Available from UMI in association with The British Library. Requires signed TDF. Since the presence of clouds greatly modifies the overall distribution of radiative heating and cooling in the troposphere, it is of considerable importance to understand and to be able to model radiative transfer by clouds. The development and testing of a multilayer cloud model is described. This model is based on the matrix operator algorithm and treats clouds as being plane parallel, composed of a number of horizontal, homogeneous layers, which allows for vertical variations in the cloud structure. The model calculates the upward and downward flowing radiances at the top and base of the cloud, and at the boundaries between the sub-cloud layers, as a function of zenith angle. Scattering, absorption and emission by the cloud droplets are accounted for within the model, and correction terms are applied for gaseous absorption both within the cloud and in the atmosphere. A multichannel infrared radiometer is described, which can make measurements of radiation in sixteen discrete narrow-band spectral intervals. This instrument has been modified so that its field of view can be directed to the zenith, nadir and at angles of 15^circ , 30^circ, 45 ^circ and 60^circ to the nadir. Results are reported from a flight using the Meteorological Research Flight's Hercules aircraft, to study stratus cloud over the North Sea. The multichannel radiometer was mounted inside the port wing pod of the aircraft, and simultaneous measurements were made of the cloud microphysics. These data were used to calculate the single scattering phase functions for the various-cloud layers, and the results were used as input data to the cloud model, together with the temperature profile. The output from the cloud model is compared with the experimental results: discrepancies are attributed to the variability of the cloud, and alternative model clouds suggested which agree more closely with the measured radiances.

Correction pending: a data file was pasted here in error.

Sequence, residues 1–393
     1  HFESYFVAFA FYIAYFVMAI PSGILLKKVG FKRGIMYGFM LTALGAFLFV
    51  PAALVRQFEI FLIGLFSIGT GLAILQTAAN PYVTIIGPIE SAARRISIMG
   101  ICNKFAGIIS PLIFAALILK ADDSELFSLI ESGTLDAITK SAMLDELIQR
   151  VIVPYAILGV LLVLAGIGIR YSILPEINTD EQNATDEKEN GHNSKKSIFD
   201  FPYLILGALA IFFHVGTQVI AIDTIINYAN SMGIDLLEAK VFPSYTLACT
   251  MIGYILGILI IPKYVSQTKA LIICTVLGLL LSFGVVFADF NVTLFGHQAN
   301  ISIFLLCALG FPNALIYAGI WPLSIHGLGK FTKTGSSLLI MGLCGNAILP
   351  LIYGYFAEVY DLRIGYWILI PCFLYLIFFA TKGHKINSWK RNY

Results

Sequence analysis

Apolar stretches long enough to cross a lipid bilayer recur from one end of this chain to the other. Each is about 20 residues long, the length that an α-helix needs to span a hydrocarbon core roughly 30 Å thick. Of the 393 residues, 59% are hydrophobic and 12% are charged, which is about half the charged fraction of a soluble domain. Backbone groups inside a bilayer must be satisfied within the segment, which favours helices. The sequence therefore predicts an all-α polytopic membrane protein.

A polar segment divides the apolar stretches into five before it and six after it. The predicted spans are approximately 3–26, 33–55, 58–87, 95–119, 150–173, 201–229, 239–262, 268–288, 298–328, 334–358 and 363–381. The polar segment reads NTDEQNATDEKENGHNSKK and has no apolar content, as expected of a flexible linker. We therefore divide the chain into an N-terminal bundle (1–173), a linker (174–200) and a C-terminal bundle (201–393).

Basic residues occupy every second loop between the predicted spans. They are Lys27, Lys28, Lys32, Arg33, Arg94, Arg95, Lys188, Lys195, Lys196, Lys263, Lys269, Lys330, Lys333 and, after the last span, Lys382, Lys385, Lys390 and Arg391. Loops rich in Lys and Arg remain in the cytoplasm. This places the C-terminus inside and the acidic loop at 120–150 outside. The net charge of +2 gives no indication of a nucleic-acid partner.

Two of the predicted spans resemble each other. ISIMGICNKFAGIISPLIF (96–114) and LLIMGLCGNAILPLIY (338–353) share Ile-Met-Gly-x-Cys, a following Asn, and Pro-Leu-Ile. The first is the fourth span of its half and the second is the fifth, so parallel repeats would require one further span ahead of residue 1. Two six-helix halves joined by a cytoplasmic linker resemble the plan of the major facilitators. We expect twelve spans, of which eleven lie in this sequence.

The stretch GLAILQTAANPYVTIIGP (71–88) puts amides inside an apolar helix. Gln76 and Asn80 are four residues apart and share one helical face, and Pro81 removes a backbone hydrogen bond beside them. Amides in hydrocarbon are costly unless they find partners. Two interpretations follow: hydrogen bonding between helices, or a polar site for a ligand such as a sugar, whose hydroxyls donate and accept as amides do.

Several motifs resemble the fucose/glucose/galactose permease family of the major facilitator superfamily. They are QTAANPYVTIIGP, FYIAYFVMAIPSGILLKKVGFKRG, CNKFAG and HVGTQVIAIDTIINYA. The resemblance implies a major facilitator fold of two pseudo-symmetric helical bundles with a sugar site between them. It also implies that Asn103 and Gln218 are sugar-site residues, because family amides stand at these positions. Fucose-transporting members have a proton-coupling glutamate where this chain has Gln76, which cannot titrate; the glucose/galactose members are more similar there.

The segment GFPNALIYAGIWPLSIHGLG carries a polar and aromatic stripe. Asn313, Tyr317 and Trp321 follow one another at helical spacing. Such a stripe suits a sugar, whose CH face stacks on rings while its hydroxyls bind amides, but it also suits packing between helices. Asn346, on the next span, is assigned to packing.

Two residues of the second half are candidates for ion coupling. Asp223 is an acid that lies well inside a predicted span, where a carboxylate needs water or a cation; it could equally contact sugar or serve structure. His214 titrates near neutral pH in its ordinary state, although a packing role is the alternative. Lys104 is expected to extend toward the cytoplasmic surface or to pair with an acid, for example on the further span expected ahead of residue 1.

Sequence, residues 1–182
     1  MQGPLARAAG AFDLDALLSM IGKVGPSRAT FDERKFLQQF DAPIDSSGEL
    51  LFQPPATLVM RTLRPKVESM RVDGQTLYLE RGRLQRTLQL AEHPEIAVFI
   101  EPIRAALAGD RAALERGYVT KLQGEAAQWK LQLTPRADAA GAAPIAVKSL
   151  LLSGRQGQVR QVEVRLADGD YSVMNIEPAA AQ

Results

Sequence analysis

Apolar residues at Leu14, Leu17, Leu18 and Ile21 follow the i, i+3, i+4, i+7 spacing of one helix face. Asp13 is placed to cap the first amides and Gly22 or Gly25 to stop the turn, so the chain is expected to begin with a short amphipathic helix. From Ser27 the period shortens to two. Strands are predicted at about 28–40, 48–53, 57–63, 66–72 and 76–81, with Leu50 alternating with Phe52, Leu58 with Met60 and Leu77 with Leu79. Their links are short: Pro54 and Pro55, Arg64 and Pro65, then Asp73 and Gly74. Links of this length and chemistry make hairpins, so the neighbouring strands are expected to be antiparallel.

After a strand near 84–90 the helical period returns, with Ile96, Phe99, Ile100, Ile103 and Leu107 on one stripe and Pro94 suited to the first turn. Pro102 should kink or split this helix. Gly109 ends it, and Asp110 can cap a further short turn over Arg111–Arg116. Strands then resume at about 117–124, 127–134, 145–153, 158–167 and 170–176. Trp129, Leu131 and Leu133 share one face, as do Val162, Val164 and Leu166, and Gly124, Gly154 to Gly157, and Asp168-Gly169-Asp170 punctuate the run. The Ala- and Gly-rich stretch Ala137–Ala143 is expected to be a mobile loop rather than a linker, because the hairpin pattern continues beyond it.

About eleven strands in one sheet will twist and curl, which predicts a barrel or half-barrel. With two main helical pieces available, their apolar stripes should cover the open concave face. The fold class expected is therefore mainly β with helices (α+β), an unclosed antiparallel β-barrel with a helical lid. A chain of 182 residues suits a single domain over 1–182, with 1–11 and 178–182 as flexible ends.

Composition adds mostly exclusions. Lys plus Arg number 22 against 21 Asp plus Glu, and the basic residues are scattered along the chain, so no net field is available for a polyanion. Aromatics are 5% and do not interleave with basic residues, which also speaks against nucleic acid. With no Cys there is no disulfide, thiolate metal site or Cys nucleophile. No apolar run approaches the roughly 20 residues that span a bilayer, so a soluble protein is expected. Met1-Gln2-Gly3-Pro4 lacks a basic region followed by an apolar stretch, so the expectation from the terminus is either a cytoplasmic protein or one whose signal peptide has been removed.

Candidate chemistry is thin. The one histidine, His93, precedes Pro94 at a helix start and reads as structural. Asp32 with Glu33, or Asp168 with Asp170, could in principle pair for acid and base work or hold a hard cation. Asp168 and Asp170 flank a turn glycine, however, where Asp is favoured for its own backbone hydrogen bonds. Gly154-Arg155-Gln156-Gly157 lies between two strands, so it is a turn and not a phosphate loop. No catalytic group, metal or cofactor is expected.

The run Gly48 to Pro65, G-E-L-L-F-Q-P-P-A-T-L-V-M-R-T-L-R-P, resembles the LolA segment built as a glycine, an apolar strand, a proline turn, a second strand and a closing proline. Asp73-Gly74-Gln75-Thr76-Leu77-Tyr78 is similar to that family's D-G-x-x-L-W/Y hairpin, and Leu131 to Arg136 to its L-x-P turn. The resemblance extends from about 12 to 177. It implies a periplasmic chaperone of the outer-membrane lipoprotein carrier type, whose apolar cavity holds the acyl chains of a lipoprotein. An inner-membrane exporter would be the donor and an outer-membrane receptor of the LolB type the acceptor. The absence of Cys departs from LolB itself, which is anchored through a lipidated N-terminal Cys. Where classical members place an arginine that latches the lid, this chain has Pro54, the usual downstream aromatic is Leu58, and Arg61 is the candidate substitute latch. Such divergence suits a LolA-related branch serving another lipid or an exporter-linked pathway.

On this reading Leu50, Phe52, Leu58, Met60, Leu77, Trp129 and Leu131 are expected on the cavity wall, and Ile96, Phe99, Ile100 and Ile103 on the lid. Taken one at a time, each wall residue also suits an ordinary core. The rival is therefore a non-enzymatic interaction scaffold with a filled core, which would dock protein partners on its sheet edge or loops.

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- Physics: Astronomy and Astrophysics